How to Play Cornerback

EAST RUTHERFORD, NJ - FEBRUARY 02: Tight end Julius Thomas #80 of the Denver Broncos is tackled by cornerback Richard Sherman #25 of the Seattle Seahawks during Super Bowl XLVIII at MetLife Stadium on February 2, 2014 in East Rutherford, New Jersey.
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Agile and quick, the two cornerbacks are the pass coverage gurus on the defensive football team. Great cornerbacks have great instincts for the game of football, specifically how to cover, read, adjust, and break on the ball. They are the anchors of the pass defense, and their effectiveness greatly influences the success of the overall defense.

What Does a Cornerback Do?

As with all football positions, the cornerback's assignments vary depending on the play called, and the defensive scheme.

Here are a few basic techniques that cornerbacks will implement.

Press Coverage

In press coverage, a corner will line up close to his receiver, and try to get a jam on the line of scrimmage to slow the receiver's route. Once the jam is made, the corner will drop to his zone, as in cover 2. Jamming a receiver is extremely difficult to do well and legally. If the ball is thrown quickly, it's easy to pick up a pass interference call in press coverage. But corners that jam well save their safeties and linebackers a lot of pain by giving them time to get in position, not to mention the disruption of the receiver's route.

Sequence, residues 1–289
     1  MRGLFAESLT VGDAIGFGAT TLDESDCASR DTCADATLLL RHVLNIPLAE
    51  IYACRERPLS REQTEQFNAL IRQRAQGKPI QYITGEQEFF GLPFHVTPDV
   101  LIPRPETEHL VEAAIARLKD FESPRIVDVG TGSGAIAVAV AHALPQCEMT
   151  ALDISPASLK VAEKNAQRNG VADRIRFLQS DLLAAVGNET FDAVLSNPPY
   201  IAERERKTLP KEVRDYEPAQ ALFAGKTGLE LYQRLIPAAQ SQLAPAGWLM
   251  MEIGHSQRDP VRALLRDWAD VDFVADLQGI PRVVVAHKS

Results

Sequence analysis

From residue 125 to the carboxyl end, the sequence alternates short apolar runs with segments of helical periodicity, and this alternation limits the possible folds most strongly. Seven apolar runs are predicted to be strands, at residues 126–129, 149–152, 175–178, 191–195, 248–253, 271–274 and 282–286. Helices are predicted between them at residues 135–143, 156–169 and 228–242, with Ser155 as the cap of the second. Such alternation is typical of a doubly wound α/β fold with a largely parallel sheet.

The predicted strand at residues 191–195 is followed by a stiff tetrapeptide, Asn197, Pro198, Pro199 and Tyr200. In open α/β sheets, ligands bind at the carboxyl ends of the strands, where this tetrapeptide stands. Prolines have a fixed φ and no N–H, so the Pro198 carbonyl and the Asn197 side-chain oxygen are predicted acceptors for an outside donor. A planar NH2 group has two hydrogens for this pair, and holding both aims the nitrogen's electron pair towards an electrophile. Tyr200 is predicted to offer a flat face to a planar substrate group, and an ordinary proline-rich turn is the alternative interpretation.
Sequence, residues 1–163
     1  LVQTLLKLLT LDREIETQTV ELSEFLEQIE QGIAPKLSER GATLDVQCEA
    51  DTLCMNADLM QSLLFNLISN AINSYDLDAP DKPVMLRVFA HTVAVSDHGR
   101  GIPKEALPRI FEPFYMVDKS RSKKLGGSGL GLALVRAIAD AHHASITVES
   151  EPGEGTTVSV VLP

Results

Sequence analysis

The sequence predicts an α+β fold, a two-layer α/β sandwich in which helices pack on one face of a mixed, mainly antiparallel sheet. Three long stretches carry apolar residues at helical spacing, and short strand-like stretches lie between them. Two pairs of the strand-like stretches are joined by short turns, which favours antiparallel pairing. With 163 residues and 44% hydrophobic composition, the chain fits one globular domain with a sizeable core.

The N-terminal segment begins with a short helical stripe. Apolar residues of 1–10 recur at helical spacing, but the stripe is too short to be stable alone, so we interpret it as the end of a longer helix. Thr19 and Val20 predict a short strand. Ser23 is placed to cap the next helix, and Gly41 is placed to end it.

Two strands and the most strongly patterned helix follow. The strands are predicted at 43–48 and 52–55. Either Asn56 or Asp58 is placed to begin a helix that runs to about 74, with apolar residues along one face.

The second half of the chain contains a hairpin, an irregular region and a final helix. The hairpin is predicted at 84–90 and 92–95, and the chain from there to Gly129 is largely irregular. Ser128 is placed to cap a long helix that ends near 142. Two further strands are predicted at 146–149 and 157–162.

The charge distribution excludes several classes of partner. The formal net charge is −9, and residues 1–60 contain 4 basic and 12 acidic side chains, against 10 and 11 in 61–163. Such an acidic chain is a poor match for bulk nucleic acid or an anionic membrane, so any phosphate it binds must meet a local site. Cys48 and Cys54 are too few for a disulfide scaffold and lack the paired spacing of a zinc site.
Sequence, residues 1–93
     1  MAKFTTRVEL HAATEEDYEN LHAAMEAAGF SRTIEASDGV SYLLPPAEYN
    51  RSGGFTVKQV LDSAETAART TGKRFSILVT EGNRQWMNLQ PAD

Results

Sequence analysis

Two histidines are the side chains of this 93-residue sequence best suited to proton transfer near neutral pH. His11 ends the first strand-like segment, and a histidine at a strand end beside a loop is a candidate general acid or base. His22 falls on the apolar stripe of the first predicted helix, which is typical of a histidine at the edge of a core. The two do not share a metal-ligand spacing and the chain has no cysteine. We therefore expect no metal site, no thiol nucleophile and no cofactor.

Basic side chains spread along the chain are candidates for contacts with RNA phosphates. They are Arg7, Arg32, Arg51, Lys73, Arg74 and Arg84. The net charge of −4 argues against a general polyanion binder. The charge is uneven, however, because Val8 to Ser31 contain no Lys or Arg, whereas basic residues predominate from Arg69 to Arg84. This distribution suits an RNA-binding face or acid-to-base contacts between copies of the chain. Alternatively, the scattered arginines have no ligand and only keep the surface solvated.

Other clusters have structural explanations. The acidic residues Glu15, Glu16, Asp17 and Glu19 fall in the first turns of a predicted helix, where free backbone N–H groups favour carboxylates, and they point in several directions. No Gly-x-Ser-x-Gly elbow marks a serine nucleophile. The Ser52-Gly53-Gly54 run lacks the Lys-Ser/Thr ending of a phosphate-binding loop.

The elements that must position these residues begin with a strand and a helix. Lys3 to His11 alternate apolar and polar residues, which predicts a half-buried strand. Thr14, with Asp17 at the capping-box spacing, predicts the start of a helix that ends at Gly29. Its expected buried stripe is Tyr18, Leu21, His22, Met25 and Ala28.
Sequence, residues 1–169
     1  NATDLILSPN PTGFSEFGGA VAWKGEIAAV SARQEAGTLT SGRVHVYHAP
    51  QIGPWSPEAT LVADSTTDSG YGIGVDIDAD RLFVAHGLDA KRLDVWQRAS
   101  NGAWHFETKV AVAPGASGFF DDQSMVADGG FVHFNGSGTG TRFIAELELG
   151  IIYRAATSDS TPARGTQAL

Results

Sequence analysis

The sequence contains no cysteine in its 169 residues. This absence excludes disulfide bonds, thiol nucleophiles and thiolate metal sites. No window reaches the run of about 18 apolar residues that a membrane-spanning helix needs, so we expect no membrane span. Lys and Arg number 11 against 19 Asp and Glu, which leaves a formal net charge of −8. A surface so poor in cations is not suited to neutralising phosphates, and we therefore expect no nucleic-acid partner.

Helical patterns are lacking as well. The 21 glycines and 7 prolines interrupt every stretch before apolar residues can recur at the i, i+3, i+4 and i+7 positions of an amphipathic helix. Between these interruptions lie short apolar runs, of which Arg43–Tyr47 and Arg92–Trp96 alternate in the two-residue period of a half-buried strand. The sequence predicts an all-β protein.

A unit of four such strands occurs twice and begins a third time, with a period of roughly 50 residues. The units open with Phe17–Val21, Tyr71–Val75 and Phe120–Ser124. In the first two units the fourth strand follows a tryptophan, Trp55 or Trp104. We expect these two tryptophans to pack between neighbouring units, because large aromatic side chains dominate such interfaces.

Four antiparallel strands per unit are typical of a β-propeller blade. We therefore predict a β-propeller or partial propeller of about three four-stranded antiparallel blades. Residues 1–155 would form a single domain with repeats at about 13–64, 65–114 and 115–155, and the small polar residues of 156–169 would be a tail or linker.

Man-To-Man Coverage

Man-to-man coverage is arguably the most difficult technique to do successfully on the football field, and corners play man-to-man more than anyone else. It's often said that the cornerbacks are "on an island" with their receiver, because wherever the widest receiver lines up is where the corner usually lines up.

The wide receiver always has the advantage, because he gets to make the first move, and he knows where the ball is headed. Man-to-man is easy to understand, but hard to do well; find your man, cover your man, don't let him catch the ball.

Zone/Bail Technique

Many times, a corner will disguise press coverage (what this means), and then bail into their deep zone, as in cover 3 when the ball is snapped, or immediately before.

The ability to get deep quickly is an important aspect of this technique.

What Makes a Good Cornerback?

Regardless of the technique, a good cornerback understands the passing game, and the timing of receivers. He has great footwork, quickness, speed, and football instincts. This type of skill set is difficult to find in a taller athlete, so most corners are shorter than the rest of the players on the field. Moreover, he will need to be able to tackle and be physical. Because of the inherent advantage that a receiver has, many defensive schemes assume that short passes will be caught and that the defensive back will be able to make the tackle without many yards after the catch.

Two good cornerbacks are a great commodity for your football team. If you have them, you will be able to create a lot more problems for an offense with your linebackers and defensive line.